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How to use transferable skills to switch jobs

A career is a kind of story, one we tend to tell like this: You pick a field, learn about it in school or at an entry-level job, gain experience, and climb the ladder of success.

But most careers are not so neat and linear. COVID-19 has certainly reminded us of that, particularly those who work — or used to work — in the industries the pandemic clobbered hardest. 

That old, linear story was always told in the past tense, focused on what you did at your last job. We’re telling a new story in the present tense — what you can do now. In other words, if you’re looking to switch careers, the most important part of your resume isn’t necessarily your work history. It could be your skills section.

Here’s how to get a new job with your transferable skills. 

While the job market is, er, recovering, a lot of workers are finding that the old story has ended rather abruptly. They’re reaching for the next rung on the food service ladder, or the travel ladder, or the entertainment ladder — and finding nothing to grasp. They’re starting to wonder if maybe it’s time to climb a different ladder altogether. 

“The coronavirus pandemic has triggered permanent shifts in how and where people work,” the Washington Post wrote earlier this year. “Businesses are planning for a future where more people are working from home, traveling less for business, or replacing workers with robots. All of these modifications mean many workers will not be able to do the same job they did before the pandemic, even after much of the U.S. population gets vaccinated against the deadly virus.” 

Sound like you? Well, you’re not alone. In February, 66% of unemployed adults said they’d considered changing jobs or fields.  

Identify your transferable skills

As an example, let’s imagine a worker named Jane. Before the pandemic, Jane managed the booking operations at a vibrant music venue, and she was great at it. She researched bands to find sounds that got crowds on their feet. She fielded so many requests from so many band managers that nothing fazed her, not even the guy who wanted a bowl of all pink Starbursts in his dressing room. And she played the venue’s ever-shifting schedule better than some of the musicians she booked could play their guitars. That is, until March 2020, when the venue shut its doors along with the rest of the economy. Only the venue’s doors aren’t going to open again, and the other venues that have survived in Jane’s town aren’t hiring. So what’s she to do? Was all that time at work a waste, career-wise?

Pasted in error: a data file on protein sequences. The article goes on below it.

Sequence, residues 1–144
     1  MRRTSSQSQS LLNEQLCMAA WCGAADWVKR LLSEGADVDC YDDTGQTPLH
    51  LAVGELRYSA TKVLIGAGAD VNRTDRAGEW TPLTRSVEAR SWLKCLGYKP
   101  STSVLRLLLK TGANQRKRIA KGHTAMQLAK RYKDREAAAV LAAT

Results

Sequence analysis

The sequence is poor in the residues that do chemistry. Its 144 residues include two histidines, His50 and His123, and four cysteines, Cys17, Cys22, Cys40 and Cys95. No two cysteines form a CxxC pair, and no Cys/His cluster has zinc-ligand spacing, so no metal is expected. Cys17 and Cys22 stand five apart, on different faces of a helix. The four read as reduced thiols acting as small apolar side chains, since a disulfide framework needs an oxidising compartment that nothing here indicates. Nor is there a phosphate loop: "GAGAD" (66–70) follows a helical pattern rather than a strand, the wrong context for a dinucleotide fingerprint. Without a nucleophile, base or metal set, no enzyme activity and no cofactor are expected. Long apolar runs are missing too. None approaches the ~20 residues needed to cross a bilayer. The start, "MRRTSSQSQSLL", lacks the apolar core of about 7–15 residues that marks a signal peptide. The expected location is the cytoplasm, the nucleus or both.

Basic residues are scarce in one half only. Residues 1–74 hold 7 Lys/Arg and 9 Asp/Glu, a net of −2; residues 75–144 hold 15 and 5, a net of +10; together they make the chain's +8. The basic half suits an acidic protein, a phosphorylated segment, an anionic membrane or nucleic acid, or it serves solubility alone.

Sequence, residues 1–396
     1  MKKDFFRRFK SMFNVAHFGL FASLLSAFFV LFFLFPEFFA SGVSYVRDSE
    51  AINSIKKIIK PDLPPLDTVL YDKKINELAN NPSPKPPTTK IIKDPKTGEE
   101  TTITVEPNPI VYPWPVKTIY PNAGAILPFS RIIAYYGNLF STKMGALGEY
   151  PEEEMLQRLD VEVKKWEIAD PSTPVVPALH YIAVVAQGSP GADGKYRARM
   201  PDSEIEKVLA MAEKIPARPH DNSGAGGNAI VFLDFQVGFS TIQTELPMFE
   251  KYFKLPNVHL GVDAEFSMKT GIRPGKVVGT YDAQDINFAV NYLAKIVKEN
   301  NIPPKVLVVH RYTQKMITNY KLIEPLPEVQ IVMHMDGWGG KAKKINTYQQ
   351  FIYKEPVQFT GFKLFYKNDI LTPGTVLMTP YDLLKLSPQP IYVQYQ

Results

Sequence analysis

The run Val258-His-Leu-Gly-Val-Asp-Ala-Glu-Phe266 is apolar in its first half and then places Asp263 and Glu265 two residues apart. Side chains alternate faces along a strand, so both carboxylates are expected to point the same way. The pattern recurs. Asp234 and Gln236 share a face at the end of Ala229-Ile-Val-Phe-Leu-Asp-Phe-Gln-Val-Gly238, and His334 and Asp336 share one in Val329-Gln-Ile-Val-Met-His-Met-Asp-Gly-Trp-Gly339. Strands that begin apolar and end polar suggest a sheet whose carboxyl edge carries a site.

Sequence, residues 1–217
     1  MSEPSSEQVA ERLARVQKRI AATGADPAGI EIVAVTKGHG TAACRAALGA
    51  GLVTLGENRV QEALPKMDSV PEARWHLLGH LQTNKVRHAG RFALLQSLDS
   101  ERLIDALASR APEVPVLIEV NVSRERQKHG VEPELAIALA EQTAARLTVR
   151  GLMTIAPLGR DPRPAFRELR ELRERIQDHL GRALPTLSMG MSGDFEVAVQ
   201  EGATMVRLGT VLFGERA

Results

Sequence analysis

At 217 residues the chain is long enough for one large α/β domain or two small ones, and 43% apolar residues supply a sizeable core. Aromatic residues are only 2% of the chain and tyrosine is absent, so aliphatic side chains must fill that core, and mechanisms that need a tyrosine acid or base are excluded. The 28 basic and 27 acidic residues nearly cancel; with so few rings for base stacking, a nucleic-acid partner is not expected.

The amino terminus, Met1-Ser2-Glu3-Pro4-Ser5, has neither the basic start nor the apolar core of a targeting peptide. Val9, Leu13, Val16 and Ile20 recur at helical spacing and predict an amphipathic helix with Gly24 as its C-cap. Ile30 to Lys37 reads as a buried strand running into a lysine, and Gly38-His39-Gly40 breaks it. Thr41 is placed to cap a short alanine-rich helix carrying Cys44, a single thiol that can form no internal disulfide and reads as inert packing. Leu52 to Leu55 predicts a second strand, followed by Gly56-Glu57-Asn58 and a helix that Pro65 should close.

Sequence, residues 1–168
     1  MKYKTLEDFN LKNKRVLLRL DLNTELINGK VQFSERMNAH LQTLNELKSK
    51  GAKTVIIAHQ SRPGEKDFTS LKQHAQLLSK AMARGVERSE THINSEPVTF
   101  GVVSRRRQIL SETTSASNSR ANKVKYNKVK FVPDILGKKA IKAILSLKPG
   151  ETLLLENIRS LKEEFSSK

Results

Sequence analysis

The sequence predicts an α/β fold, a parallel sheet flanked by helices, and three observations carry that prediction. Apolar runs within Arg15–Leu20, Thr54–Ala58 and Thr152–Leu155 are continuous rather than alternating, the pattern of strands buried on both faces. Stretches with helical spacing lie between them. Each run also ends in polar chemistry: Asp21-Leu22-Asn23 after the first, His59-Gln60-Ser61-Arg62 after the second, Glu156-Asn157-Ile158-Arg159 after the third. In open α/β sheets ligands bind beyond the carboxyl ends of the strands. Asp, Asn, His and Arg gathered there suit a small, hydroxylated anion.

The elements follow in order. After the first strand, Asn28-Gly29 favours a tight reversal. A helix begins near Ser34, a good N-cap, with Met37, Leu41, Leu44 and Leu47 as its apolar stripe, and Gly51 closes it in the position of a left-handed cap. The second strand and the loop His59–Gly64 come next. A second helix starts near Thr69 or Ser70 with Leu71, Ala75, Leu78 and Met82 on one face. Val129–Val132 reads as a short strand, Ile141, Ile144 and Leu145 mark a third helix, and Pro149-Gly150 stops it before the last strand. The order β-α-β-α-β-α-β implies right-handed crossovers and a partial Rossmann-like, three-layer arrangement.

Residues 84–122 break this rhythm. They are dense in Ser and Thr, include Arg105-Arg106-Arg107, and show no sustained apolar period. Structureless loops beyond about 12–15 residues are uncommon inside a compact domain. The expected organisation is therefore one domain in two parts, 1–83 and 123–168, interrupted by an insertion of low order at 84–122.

Of course not! Lots of managers who don’t know the first thing about music would love to have someone with Jane’s skills on their team. Let’s tease out Jane’s transferable skills from the tasks she performed. Her next job might not involve looking up new bands, but it could involve social media and research. Jane knows plenty about that from all those hours she spent scouring Spotify, reviews, and Instagram followings. Haggling with band managers has given her impeccable communication skills. If finding all those pink Starbursts at 8 p.m. on a Wednesday doesn’t count as a problem-solving skill, nothing does. And time-management? Jane practically invented it with those wildly detailed schedules.

As you build your resume like Jane, think through the main tasks you performed at your last job, and then break those down into the skills you used to complete them. Write down as many as you can think of, and then include the ones that are most relevant to the position you want. Make sure to check the job description to see which skills the employer wants the most; including these and other keywords will help you stand out to AI resume screeners. Put your skills at the top of your resume, just below your professional summary.